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Table 1 Categories of Consistency and Inconsistency

From: The Systematic Guideline Review: Method, rationale, and test on chronic heart failure

Type Definition Further Action Plan for Guideline Development
Consistency
(1) Recommendations are consistent in content, evidence level and grading, and based on a large body of high level evidence (e.g. multiple primary or secondary studies of high internal and external validity) Verification of cited sources with highest evidence level, and update searches, if necessary
(2) Recommendations are consistent in content, evidence level and grading, and based on a small body of high level evidence (e.g. a single or a few primary studies of high internal and external validity) Verification of cited sources, further research on safety aspects in particular, and update searches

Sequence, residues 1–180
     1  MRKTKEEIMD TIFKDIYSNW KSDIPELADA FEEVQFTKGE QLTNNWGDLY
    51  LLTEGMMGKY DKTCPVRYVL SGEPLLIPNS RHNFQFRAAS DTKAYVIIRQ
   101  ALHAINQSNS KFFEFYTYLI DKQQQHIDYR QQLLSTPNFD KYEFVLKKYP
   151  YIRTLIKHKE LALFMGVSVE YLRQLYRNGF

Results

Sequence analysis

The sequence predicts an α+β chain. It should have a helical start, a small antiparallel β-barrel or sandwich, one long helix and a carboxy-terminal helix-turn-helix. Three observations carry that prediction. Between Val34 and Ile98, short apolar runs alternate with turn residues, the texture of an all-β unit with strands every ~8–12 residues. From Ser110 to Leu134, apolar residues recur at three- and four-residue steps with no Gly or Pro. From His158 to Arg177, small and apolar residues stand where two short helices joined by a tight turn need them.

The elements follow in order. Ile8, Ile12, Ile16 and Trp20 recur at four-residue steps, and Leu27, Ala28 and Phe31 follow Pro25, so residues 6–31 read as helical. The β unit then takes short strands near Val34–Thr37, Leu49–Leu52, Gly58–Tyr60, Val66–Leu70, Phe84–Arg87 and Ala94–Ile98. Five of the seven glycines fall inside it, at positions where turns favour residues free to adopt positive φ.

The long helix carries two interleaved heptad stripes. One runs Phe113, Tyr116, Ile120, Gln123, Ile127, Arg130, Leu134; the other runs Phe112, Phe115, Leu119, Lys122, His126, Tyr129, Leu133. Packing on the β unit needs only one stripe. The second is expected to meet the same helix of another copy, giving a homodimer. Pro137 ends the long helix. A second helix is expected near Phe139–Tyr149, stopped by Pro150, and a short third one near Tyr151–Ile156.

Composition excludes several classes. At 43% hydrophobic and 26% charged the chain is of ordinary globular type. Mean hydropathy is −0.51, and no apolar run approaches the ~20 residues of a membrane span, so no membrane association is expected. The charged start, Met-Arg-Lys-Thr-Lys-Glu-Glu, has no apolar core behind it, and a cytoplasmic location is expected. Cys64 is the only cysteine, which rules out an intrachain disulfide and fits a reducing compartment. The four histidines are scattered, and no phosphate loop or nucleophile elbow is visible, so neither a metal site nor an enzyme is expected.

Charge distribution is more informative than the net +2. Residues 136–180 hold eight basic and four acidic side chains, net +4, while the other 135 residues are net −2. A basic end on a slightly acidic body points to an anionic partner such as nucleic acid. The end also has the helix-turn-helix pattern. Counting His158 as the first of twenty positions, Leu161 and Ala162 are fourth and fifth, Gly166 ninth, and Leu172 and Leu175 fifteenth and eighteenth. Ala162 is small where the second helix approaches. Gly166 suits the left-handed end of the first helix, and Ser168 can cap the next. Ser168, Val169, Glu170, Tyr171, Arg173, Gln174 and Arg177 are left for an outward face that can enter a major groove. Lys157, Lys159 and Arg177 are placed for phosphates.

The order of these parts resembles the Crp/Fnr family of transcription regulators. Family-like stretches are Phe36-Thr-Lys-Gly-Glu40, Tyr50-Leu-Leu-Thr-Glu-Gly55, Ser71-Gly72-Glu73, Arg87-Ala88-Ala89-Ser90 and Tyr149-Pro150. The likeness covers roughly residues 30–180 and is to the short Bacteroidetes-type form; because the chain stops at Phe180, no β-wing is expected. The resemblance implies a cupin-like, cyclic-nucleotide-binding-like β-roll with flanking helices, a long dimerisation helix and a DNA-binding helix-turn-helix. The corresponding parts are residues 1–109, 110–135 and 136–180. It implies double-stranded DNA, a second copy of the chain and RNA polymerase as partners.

(3) Recommendations are consistent in content, evidence level and grading, and based on evidence from studies of low level evidence (e.g. studies with design-related biases or where methodological flaws reduce internal or external validity) or based on expert opinion (where evidence is lacking) Further research on evidence
(4) Recommendations are consistent in content, but evidence levels and grading conflict Verification of cited sources, and update searches
Inconsistency
(A) Recommendations are completely inconsistent, neither a mainstream trend nor even a common denominator can be identified Further research on evidence
(B) Recommendations are consistent in the majority of guidelines, but differing or even conflicting recommendations are to be found in a minority Verification of cited sources to decide whether further research is necessary, and update-searches